Book review

Travelling in the shadows of Myanmar’s past

“On the Shadow Tracks, A Journey Through Occupied Myanmar” takes readers around the country by rail, exploring questions of injustice, colonialism, and memory

To the British mind, railways naturally evoke nostalgia: tiny train stations in idyllic locations and winding journeys away from the cities. Even the crowded London underground seems kindly with its iconic map, the train lines a criss-cross of multi-coloured straws. 

British journalist Clare Hammond’s new book, “On the Shadow Tracks: A Journey Through Occupied Myanmar,” shatters that sentimentality. Her investigation into the country’s railways uncovers the murky politics beneath the tracks and the mass human suffering caused by railway expansion.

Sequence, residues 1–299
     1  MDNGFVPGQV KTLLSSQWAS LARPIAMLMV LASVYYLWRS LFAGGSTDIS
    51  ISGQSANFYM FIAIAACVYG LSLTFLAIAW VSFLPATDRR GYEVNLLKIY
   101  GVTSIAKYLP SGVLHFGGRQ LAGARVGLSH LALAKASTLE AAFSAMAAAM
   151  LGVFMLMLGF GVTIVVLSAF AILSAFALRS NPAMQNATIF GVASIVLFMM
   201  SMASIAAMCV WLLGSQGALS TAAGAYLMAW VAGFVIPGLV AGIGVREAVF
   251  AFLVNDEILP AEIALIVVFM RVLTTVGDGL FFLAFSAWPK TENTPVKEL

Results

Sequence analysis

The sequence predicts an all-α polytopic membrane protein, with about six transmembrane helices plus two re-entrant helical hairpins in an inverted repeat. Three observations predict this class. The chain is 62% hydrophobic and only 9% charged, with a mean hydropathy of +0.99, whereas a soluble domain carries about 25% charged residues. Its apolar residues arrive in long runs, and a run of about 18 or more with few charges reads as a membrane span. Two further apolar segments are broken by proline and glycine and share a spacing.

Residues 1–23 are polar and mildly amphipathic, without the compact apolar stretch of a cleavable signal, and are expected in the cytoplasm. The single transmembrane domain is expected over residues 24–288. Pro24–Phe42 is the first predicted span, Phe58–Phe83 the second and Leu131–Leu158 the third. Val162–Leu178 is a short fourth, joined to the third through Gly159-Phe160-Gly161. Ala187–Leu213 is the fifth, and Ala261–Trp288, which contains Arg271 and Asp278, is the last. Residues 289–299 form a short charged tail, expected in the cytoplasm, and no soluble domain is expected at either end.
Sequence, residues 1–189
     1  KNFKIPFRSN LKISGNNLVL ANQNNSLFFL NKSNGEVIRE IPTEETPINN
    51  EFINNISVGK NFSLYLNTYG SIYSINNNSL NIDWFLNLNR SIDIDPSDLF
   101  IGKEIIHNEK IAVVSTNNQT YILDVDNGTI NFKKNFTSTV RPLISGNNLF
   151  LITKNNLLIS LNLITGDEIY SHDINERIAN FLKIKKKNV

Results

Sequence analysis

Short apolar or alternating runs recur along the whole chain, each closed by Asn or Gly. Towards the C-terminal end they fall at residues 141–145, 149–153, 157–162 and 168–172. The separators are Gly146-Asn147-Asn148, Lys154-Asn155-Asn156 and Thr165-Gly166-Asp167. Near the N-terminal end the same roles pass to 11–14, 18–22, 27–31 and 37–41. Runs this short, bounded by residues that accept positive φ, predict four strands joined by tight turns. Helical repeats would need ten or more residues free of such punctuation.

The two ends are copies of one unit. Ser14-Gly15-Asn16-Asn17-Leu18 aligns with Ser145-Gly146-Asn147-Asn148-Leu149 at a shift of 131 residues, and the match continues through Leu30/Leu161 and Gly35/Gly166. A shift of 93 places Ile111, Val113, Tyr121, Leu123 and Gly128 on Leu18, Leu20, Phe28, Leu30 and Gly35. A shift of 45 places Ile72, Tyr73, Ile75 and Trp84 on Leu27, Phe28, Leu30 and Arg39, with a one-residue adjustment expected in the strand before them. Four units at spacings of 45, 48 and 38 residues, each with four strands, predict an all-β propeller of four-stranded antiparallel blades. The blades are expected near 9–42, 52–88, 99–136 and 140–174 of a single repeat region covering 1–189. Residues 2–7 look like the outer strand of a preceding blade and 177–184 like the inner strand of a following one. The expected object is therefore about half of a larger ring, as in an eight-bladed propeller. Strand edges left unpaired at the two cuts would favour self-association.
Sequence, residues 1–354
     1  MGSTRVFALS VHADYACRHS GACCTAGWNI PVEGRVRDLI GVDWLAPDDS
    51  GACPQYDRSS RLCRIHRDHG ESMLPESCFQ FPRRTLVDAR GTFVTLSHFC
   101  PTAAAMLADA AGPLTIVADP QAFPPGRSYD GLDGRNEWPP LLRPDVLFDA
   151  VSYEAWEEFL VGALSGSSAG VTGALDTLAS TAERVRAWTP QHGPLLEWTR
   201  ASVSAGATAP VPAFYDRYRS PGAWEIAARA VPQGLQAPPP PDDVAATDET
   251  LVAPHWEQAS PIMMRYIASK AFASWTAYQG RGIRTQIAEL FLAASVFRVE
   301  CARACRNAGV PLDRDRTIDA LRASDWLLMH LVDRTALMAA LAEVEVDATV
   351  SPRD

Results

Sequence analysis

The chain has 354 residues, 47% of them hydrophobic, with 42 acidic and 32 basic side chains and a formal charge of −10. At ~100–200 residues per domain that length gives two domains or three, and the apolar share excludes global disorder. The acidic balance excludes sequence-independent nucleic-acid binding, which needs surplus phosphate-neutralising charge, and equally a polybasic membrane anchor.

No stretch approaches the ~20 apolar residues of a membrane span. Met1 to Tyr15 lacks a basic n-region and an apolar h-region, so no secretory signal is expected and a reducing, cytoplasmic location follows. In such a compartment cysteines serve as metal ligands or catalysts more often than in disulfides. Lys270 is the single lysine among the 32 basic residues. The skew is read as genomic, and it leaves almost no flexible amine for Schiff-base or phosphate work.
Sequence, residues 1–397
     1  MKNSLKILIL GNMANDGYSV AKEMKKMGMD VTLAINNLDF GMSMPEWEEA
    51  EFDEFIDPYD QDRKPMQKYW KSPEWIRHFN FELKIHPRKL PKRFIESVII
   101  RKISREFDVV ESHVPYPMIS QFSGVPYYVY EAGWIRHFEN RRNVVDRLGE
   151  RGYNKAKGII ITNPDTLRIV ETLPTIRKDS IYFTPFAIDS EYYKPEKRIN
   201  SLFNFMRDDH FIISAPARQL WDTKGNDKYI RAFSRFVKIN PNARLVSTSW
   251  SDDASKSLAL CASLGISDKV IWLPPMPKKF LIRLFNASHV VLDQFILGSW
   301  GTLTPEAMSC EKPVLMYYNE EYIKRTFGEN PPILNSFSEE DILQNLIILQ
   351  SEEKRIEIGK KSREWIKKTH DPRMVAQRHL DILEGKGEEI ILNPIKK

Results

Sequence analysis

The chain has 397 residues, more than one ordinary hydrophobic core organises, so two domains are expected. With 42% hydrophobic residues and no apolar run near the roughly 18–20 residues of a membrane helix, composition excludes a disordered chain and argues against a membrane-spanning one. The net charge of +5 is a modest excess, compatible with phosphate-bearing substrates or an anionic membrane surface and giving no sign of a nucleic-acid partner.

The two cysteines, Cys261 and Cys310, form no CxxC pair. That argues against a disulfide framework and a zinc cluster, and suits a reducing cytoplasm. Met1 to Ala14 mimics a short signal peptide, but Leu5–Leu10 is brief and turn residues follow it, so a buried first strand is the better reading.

The book is ambitious, covering the intrepid author’s train journey through eight regions of Myanmar and capturing some of the fraught history and politics of each area from the post-coup present to Burma under British occupation. This physical as well as intellectual feat is vast, and the conflicts that Hammond examines continue to shake the ground she travels.

What results is a clear. . .

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